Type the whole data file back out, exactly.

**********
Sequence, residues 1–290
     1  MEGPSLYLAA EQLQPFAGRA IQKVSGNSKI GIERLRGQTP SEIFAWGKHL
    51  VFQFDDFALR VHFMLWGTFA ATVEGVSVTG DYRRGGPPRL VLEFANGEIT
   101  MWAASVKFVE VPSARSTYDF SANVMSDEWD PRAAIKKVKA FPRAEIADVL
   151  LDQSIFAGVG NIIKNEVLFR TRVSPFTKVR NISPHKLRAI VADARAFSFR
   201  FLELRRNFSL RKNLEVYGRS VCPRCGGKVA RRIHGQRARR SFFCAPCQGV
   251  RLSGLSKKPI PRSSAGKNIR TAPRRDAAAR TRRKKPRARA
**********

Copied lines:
Sequence, residues 1–290
     1  MEGPSLYLAA EQLQPFAGRA IQKVSGNSKI GIERLRGQTP SEIFAWGKHL
    51  VFQFDDFALR VHFMLWGTFA ATVEGVSVTG DYRRGGPPRL VLEFANGEIT
   101  MWAASVKFVE VPSARSTYDF SANVMSDEWD PRAAIKKVKA FPRAEIADVL
   151  LDQSIFAGVG NIIKNEVLFR TRVSPFTKVR NISPHKLRAI VADARAFSFR
   201  FLELRRNFSL RKNLEVYGRS VCPRCGGKVA RRIHGQRARR SFFCAPCQGV
   251  RLSGLSKKPI PRSSAGKNIR TAPRRDAAAR TRRKKPRARA